One of the pleasures or perils of reading multiple books at the same time is how suddenly one captures your attention, shutting everything & everyone out in the process. It can be fun to disappear down a rabbit hole with your newest favorite author.
Such are the powers of the author of the book I just finished namely Lisa Damour, an expert in her field.
Lisa Damour PhD. is director of the Laurel School Center for Research on Girls. I’m embarrassed to admit that this even sounded a bit odd to me, that there might be a need for a centre researching girls. Dinosaur alert (moi that is)….
Yet of course that’s so (the need for such a centre I mean), and the appetite for Damour’s best-sellers is de facto evidence.
Please check out this video, it’s very good.
I have so much to learn.
I’ve followed her on Twitter (and this is her Twitter photo).
She also has podcasts. This week’s topic is “What Should My Kids Do This Summer?”
Excuse me..! I almost vanished into another rabbit hole, namely Damour’s online content.
Let me get back to the book I just finished. It’s Untangled: guiding teenage girls through the seven transitions into adulthood. Although my children are grownups (and I’m old enough to be a grand-father) that doesn’t mean there’s nothing for me or other old dudes to learn.
Quite the contrary, I think it’s valuable to look at the predicament of the 21st century parent, both for insights of the grandfatherly sort, and even for some retrospective insight about parenting. I found myself feeling so grateful that my kids didn’t have to deal with social media in their century. It’s getting harder for parents. I started out reading with the ambition to better connect with a grandchild. But it was closer to home than just a parenting book, much more universal, as I suddenly had insights about being a dad, flashbacks to my own time as a teen, as well as my time as a manager & employee, as a music-director & performer….Damour sheds light on human relationships.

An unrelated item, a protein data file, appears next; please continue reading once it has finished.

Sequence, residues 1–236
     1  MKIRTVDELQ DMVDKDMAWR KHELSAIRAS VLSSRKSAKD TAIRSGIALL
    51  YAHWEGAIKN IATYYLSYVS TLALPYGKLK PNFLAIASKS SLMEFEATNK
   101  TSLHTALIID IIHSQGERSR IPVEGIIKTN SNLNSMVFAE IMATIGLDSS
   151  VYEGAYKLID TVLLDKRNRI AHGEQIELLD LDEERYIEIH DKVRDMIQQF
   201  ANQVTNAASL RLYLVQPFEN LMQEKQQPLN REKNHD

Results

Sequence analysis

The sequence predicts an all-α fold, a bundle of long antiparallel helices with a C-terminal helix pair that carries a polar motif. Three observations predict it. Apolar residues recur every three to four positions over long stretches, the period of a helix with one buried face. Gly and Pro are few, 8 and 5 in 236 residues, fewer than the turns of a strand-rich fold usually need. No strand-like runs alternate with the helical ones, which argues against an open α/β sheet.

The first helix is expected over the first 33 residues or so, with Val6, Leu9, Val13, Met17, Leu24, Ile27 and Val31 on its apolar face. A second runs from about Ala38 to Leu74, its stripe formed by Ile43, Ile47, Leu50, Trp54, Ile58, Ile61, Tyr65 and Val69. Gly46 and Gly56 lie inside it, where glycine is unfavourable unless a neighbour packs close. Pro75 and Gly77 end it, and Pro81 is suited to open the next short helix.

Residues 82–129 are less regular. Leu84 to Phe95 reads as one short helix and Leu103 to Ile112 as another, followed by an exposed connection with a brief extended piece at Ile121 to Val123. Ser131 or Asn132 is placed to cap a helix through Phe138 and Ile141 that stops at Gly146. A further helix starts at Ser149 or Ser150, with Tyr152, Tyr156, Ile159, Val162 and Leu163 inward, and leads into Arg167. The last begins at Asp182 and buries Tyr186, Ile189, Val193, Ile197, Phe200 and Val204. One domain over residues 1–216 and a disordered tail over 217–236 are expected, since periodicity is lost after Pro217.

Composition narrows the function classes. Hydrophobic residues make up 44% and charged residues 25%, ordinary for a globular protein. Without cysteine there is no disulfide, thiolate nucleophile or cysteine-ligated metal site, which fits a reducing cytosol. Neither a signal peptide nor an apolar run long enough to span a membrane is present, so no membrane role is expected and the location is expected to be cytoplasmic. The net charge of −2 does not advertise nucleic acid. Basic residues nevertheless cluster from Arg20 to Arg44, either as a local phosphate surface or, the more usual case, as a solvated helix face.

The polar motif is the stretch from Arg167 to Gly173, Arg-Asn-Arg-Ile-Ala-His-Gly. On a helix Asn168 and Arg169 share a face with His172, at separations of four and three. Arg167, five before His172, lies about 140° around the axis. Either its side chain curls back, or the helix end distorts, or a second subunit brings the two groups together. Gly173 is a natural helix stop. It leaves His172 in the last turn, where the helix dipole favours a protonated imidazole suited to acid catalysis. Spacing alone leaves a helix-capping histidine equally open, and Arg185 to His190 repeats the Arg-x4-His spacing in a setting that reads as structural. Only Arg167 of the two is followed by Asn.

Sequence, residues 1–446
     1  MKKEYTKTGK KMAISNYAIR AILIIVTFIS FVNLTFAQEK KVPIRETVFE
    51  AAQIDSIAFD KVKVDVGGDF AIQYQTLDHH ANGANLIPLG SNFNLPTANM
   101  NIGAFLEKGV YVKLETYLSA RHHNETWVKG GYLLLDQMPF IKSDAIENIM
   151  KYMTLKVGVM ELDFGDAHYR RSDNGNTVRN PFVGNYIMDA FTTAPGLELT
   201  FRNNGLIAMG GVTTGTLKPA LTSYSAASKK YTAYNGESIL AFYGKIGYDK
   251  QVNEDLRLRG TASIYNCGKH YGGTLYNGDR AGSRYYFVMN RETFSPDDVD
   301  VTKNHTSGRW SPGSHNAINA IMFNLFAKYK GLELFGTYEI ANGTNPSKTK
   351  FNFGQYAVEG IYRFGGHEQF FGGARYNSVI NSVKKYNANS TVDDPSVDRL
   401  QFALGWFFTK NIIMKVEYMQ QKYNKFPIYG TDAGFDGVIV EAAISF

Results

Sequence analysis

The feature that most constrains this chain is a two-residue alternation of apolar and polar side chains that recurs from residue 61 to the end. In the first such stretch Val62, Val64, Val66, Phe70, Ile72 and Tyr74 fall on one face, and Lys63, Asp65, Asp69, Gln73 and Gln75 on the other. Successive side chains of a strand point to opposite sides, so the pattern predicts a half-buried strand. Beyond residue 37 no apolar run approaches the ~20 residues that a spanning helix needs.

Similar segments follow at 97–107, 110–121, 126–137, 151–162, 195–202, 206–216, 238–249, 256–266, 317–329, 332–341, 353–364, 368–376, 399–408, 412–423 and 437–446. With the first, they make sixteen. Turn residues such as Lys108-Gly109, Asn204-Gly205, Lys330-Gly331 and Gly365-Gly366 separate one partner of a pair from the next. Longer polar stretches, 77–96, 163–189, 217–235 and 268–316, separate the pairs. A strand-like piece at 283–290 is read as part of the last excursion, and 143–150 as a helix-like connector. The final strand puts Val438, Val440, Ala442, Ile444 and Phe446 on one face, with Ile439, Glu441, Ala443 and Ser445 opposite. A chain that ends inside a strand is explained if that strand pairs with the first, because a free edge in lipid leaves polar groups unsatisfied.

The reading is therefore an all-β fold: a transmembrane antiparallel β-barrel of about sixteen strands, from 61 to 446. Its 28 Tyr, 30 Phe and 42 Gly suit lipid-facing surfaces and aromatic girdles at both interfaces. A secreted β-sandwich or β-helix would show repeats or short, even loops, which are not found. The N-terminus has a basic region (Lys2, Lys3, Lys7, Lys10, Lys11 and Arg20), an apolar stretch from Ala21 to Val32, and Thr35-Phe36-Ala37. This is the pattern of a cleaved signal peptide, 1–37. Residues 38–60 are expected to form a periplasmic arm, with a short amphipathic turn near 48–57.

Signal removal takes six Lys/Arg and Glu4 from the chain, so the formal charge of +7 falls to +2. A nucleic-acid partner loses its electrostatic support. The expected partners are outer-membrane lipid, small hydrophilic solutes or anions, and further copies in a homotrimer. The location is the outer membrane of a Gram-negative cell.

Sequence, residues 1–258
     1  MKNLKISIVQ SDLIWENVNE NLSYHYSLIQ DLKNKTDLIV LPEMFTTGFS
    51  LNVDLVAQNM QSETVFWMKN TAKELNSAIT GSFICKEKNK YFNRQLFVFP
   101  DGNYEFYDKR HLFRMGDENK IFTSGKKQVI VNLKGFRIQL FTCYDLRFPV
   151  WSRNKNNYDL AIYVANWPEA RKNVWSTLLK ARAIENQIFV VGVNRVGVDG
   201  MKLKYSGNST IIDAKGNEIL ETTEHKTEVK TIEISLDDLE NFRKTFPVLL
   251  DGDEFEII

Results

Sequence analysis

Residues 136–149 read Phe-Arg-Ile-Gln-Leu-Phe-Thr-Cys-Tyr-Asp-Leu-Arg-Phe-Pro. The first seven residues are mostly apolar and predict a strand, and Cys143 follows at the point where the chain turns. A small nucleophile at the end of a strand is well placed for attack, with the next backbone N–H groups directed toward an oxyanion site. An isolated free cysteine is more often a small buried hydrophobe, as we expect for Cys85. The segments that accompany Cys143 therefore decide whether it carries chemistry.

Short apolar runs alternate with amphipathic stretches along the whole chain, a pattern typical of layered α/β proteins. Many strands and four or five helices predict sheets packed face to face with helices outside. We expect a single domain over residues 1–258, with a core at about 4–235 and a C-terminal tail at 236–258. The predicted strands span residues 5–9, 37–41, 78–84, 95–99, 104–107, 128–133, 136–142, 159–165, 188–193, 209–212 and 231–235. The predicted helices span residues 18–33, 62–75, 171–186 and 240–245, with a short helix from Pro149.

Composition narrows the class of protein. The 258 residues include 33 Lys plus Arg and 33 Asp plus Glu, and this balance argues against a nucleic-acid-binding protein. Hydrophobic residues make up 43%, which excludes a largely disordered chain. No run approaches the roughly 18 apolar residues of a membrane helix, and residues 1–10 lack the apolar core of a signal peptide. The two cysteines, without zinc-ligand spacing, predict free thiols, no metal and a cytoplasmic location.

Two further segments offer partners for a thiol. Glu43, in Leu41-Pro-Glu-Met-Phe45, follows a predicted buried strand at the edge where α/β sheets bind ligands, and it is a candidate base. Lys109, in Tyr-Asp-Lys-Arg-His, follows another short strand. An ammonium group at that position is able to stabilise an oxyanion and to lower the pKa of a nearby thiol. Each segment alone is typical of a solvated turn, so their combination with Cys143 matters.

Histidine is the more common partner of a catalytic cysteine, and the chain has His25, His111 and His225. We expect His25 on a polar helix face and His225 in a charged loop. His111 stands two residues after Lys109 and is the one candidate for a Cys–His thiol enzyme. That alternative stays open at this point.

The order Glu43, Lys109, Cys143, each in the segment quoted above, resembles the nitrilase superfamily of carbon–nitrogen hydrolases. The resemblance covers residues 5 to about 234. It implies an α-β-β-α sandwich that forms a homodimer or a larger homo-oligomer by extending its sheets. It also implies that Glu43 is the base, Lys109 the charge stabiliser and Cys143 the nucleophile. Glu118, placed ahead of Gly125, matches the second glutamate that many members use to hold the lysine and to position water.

I find myself intrigued by the differences between girls & boys, and Damour is an expert. We hear of the strategies girls use, often quite different from the ones boys use. The divergences might be the key to understanding the trajectory of our society: its weaknesses, its future. Any person fascinated by human behaviour can learn from Damour’s book.
The seven transitions in the title correspond to seven pathways for discussion, each with a chapter.
One: Parting with Childhood
Two: Joining a New Tribe
Three: Harnessing Emotions
Four: Contending with Adult Authority
Five: Planning for the Future
Six: Entering the Romantic World
Seven: Caring for Herself
After laying out the basics, each chapter ends with a “When to Worry” segment for that topic. While some might read parenting books to guide their way, navigating the treacherous waters their children may be in, yet when we read psychology books we come to understand ourselves, to make sense out of our life (for better or worse), how we got into our present predicament & the lives being lived around us.
Untangled may be a book about teenage girls but it has a great deal to say to anyone in a family. I’m finding it opens vistas upon the future and the past, ways of understanding dynamics that never occurred to me before. It isn’t just for parents of teenagers, and it’s absorbing reading even if you don’t have a teenaged child.
Damour has an effortless prose style.
I’ve obtained Damour’s next book, Under Pressure. It seems that girls growing up in the 21st century are experiencing a kind of epidemic of stress, anxiety & depression. Wow.
I must keep reading.